Conservation of energy

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The law of conservation of energy states that if no energy is supplied or removed, the energy of a so-called closed system is retained. Energy can neither be lost nor generated. Albert Einstein and other physicists of his time kept the law of conservation of energy high and derived a lot from it. The absolute theory, of course, also believes in the law of conservation of energy, even if it sees that the concept of total energy is controversial.

Einstein and the law of conservation of energy

Albert Einstein found out E = mc². Nevertheless, the statements on the law of conservation of energy are somewhat vague. In the end he sees m * c² only as rest energy, as E (0). Various energies must be added to this for the law of conservation of energy. For example, the potential and the kinetic energy of the energy conservation law of mechanics are added here. The absolute theory regards this as wrong, as that E = mc² is not only the correct description of the total energy, also inferred from the equivalence of space and time, but that it is also a maximum for the [ [Energy]]. Ultimately, the energy of mass and speed is put together to the square. Since the speed cannot be higher than the speed of light c, and the mass always remains the same, there cannot be any energy higher than m * c². Since then, as Einstein does, adding the potential, the kinetic and other forms of energy cannot be correct.

Energy and Absolute Theory

According to the absolute theory, E = mc² forms the total energy of a system. This also results from the equivalence of space and time, which Einstein also assumed when he said that in absolute spacetime everything moves with c. Kinetic and potential energy are only a part of this energy and not additive quantities. From this one can also derive the Conservation of mass, precisely from this equivalence of mass and energy. To assume for the law of conservation of energy that energy is higher than E = mc² is simply wrong.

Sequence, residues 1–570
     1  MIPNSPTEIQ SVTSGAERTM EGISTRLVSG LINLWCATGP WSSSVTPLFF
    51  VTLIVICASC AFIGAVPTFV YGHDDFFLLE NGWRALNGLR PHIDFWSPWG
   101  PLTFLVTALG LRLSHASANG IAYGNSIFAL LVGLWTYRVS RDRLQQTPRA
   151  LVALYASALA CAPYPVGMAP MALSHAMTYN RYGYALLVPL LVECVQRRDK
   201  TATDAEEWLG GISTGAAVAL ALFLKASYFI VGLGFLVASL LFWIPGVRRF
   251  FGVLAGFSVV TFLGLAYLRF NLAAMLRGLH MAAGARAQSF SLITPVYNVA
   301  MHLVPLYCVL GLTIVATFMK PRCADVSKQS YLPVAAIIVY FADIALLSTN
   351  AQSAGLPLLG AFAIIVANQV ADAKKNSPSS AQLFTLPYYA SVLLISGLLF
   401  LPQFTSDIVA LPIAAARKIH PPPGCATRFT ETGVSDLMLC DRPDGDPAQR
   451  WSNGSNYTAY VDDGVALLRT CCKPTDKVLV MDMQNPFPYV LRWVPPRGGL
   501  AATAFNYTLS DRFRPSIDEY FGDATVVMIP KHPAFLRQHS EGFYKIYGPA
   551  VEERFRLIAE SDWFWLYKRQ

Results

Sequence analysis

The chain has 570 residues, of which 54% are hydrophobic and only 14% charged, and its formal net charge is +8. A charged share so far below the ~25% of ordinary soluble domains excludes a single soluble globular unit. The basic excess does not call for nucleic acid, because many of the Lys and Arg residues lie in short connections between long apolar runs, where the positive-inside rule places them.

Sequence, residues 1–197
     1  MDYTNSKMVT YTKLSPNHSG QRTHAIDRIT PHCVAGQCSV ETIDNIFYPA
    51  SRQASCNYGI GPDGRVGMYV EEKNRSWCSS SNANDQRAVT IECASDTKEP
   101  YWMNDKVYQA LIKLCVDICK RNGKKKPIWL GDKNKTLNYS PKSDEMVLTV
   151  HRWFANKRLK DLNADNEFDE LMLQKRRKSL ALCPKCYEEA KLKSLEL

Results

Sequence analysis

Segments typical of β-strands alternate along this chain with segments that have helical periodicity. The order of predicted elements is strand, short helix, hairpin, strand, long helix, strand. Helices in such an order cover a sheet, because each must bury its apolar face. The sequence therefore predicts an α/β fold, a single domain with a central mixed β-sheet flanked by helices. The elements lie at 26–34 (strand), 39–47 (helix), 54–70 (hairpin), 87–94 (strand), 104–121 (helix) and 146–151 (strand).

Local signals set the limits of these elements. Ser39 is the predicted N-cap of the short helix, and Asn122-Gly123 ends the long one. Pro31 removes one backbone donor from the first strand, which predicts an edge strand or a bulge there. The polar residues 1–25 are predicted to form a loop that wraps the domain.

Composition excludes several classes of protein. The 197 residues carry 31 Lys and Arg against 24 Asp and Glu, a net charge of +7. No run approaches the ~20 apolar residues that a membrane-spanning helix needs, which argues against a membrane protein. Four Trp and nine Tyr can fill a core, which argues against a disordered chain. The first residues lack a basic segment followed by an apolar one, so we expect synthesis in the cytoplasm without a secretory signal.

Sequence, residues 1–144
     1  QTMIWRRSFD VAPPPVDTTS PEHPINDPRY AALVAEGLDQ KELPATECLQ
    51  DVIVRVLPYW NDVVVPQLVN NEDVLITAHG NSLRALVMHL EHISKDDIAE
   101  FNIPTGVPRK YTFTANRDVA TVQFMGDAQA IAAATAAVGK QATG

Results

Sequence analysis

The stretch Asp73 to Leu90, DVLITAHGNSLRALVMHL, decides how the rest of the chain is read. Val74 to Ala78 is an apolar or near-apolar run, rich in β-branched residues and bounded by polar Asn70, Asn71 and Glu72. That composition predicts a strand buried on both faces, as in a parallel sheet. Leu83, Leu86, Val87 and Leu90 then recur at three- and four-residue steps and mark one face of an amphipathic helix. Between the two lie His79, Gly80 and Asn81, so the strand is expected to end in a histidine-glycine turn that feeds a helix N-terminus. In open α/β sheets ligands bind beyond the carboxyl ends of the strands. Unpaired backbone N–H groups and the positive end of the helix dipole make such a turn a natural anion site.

Law of conservation of energy in mechanics

The mechanical energies of a system always remain constant with no external influence. So E (pot) + E (kin) = const. You can visualize this on the pendulum. When the pendulum swings up against the force of gravity, it gains potential energy, but loses speed, i.e. kinetic energy. If, on the other hand, the pendulum is at the apex, i.e. the lowest point of its curve, it really gains speed, and of course loses potential energy in the gravitational field.

Conservation of energy law and the first thermodynamic law

According to the first thermodynamic law, the energy is also retained. It says that the difference in the internal energy of a system is equal to the difference in the heat supplied minus the work given out. If both values ​​are zero, as is the case in the closed system, the internal energy is retained.

Law of conservation of energy and the universe

The law of conservation of energy can and is also applied to the universe. The big bang theory believes on the basis of the law of conservation of energy that all energy must have already been present at the Big Bang, so that the point that arose during the big bang is super hot and with almost endless energy was. This energy then gradually spread throughout the universe. The absolute theory also sees another possibility, namely that there are positive and negative energies and that these are balanced and accordingly the energy of the universe is equal to zero. Of course, if you add up the amounts of energies, the energy is very high. But a total energy of zero would have the advantage that you don't have to worry about what happened before the Big Bang. Here the energy was also zero and the amounts of energy were also zero. That was nothing.

One could even go so far that the big bang theory in its current form almost violates the law of conservation of energy, but suddenly an infinite energy emerged from the energy zero, which is a clear violation of the law of conservation of energy. The assumption that the laws of physics only emerged with the Big Bang should not be acceptable to a theorist.